The general reaction to "Halloween Kills" has been decidedly mixed leaning towards negative, especially when compared to 2018's "Halloween," which went over much better. And I get it: "Halloween Kills" is a messy movie that very much feels like the middle entry in a trilogy rather than its own thing, and that's not ideal. But I do think time will be kinder to "Halloween Kills," especially after we can view it in context with the upcoming third film, "Halloween Ends." None of this is to say "Halloween Kills" is some misunderstood masterpiece. It's a terribly flawed film, and it makes some rather odd choices – why is Laurie Strode out of commission for the entire movie, for instance? But there are also solid ideas here – the idea of mob justice running out of control; the idea of Michael Myers as some sort of force that grows more and more powerful the more he kills; and, most intriguing of all, the idea that Laurie Strode isn't as important as she might think she is. Laurie spent the last few decades assuming Michael was coming back just for her, but that wasn't true. Laurie is just another body for Michael to slice up; she's not his arch-enemy, despite what Laurie thinks. And then there are the kills – this is a movie that lives up to its title, and then some. Micahel is a full-blown killing machine here, and no one is safe.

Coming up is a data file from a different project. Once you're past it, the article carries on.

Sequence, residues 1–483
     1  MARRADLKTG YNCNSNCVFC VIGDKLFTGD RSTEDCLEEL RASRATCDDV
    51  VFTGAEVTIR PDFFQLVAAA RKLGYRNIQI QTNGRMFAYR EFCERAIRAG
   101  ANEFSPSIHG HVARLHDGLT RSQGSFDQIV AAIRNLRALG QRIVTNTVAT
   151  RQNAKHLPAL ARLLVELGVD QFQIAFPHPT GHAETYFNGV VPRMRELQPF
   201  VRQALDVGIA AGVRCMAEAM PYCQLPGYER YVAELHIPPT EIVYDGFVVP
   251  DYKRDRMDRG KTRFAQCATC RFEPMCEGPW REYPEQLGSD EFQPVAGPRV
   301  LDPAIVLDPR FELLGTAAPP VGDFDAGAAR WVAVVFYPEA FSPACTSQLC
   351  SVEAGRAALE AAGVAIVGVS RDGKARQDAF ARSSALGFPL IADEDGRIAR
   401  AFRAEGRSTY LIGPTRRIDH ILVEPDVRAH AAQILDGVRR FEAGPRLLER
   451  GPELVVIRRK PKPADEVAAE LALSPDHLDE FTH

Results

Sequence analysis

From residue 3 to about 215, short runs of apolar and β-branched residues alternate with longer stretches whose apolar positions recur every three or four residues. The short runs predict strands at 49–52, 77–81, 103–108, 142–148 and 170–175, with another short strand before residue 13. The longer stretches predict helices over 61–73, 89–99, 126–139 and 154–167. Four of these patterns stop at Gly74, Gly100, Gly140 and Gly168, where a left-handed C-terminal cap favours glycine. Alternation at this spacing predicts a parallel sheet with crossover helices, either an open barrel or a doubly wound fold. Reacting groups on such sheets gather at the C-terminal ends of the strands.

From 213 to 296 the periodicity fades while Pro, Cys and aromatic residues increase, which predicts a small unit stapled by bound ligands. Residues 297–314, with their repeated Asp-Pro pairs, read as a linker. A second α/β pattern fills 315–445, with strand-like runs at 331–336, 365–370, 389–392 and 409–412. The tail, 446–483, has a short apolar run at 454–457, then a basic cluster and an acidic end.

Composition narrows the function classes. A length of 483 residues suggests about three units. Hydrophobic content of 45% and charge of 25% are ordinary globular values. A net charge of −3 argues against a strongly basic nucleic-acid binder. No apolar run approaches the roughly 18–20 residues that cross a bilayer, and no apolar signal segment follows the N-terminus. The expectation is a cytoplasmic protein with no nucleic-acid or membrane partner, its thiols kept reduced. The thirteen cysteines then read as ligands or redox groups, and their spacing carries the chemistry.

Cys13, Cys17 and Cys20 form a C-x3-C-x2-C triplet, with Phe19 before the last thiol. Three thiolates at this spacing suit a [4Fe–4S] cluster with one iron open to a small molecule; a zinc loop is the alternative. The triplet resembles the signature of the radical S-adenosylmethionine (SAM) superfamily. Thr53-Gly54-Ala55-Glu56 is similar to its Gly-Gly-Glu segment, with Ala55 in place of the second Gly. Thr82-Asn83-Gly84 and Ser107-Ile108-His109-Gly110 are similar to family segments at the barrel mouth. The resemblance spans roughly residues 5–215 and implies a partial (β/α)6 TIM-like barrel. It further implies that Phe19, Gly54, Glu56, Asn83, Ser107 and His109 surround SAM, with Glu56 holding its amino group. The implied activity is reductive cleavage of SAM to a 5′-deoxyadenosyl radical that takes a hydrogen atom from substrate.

For fans of: "Halloween" (you decide which of the films called "Halloween" I'm referring to; maybe all of them!)

No One Gets Out Alive

Now Streaming on Netflix

Cristina Rodlo is Ambar, an undocumented Mexican immigrant trying to make it in America. Ambar moves into an extremely spooky house in Cleveland where other tenants – immigrants, just like her – come and go with alarming regularity. Ambar is convinced there's something going on in her new home, but she has nowhere to turn – she can't go to authorities out of fear of being deported, and she doesn't have much money to pack up and move. Meanwhile, things grow stranger and creepier, the longer Ambar stays. "No One Gets Out Alive" is a tad predictable, but director Santiago Menghini conjures up enough ominous atmosphere that the familiarity won't derail your viewing. Rodlo is also low-key great here, creating a sympathetic, believable protagonist we're rooting for every step of the way.